Feature article from our survey of the Private Equity industry
One interesting theme to emerge from our survey is the difference in attitude and approach to RI between the US-headquartered PE houses and those in Europe.
US-headquartered PE houses are focusing squarely on the environmental pillar of the responsible investment agenda–in particular, eco-efficiency. Such initiatives deliver cost savings from using less energy and water, cutting waste and making production processes ‘leaner’. The efficiencies achieved are relatively easy to measure and can be expressed in cash terms.
Are large PE houses doing more on the responsible investment agenda?
From our own experience of the PE market, there does not seem to be a correlation between PE house size and commitment to a RI. Our survey backs this up – we found no clear dividing line between the two groups of PE houses. In fact, contrary to expectation, 50% of mid-tier participants are UN PRI signatories, compared to 36% of larger houses. Interestingly we also found little evidence that RI approaches are more developed in publicly owned PE houses. Indeed, a higher proportion of non-listed PE houses had RI policies compared to their listed peers.
These findings seem to imply that a key determinant of commitment to the RI agenda is the PE house strategy/ethos, rather than simply size of assets under management or type of ownership.
By contrast, European-headquartered PE houses appear to be addressing a broader range of issues, on the whole–not just the environmental aspects, but the social and governance ones too. Several houses described how they’re working with their portfolio companies to improve the way they manage ‘social’ issues like labour issues in supply chains, health and safety, and employee management. In these cases, the benefits are intangible (e.g. decreasing turnover and attrition, boosting morale to increase productivity and retention, attracting new customers, and enhancing reputation and brand).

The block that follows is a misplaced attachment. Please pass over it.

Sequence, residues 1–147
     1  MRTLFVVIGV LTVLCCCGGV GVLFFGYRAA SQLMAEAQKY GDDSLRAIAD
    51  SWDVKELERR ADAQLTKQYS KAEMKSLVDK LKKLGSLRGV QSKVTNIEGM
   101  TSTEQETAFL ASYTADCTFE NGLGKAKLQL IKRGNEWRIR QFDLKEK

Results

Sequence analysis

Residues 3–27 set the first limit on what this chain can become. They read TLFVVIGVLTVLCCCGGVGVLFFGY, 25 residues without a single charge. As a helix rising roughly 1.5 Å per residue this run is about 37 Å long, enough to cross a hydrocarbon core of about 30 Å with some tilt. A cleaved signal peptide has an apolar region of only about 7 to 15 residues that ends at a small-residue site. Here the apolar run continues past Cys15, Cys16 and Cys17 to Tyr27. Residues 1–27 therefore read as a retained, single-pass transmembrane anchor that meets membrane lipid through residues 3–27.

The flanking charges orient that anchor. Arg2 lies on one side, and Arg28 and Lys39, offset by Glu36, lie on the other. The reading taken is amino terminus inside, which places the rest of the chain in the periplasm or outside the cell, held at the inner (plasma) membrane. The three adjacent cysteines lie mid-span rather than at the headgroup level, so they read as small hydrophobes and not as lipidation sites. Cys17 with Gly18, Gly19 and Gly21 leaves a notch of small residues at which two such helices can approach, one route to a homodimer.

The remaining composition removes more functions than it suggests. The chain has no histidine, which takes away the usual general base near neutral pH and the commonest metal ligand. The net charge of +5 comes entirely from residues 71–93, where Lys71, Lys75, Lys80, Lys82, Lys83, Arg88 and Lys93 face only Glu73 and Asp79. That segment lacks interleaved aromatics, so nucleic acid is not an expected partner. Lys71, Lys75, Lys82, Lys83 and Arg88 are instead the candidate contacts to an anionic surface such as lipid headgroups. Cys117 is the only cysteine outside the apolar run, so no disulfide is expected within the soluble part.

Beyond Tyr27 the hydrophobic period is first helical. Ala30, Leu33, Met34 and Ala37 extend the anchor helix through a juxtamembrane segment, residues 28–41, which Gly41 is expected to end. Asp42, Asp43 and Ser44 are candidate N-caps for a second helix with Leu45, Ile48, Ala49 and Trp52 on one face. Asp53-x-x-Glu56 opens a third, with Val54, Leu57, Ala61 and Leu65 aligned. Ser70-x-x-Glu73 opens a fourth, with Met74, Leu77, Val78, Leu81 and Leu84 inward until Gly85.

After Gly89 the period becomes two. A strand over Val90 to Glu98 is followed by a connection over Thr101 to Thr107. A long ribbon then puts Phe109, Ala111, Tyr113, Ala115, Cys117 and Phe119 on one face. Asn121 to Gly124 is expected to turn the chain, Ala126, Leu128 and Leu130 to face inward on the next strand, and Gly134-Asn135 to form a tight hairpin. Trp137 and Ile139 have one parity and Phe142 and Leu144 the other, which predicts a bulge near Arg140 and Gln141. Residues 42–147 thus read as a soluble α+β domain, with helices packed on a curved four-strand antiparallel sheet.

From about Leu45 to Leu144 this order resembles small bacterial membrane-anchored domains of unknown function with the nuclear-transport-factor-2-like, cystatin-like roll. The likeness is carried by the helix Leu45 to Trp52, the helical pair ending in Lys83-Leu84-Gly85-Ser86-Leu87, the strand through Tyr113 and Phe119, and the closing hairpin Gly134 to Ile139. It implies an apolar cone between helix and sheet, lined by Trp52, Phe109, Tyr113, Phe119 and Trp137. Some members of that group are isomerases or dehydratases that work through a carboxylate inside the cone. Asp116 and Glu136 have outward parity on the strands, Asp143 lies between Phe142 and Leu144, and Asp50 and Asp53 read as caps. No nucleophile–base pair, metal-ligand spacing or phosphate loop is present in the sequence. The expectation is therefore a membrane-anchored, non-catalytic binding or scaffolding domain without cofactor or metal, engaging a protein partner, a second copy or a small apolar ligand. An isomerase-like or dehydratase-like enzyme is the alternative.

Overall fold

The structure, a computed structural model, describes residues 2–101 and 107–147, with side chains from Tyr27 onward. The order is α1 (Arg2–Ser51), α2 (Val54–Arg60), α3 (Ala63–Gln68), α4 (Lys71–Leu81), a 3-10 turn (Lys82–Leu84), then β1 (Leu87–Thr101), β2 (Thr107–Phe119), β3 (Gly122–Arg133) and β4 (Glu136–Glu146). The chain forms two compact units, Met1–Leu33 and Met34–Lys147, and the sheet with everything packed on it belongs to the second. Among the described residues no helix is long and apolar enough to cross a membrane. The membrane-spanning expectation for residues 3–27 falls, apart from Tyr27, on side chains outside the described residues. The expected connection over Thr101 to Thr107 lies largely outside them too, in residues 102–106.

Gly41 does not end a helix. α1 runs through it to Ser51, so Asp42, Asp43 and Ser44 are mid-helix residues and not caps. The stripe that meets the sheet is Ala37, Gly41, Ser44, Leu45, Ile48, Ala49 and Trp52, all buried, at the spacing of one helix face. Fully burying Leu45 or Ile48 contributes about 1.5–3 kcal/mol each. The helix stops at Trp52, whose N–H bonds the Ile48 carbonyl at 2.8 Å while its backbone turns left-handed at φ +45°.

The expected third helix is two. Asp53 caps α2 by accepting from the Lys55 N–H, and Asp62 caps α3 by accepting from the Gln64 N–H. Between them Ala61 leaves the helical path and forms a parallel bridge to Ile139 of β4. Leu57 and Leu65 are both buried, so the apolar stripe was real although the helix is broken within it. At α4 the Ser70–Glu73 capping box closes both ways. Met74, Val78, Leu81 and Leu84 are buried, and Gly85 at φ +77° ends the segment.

Most of the US-headquartered PE houses said that social issues are ‘on their radar’ and conceded that they are yet to be tackled in earnest. A few mentioned this would be an important focus area for 2012. Likewise, governance is an area that came up much more frequently in our discussions with European-headquartered PE houses.
Many of these houses noted that the UK Bribery Act (which came into force in July 2011) has helped to deepen their understanding of the way their portfolio companies manage bribery, corruption and ethical risks. As a result of their recent efforts to comply with the Act, many houses are now armed with better quality management information on bribery/corruption. There’s more focused effort going into strengthening any weaknesses in this area. Anecdotal evidence suggests that the next step for some of these houses is to apply the same level of scrutiny to governance across all of the companies in their portfolio–especially in emerging markets.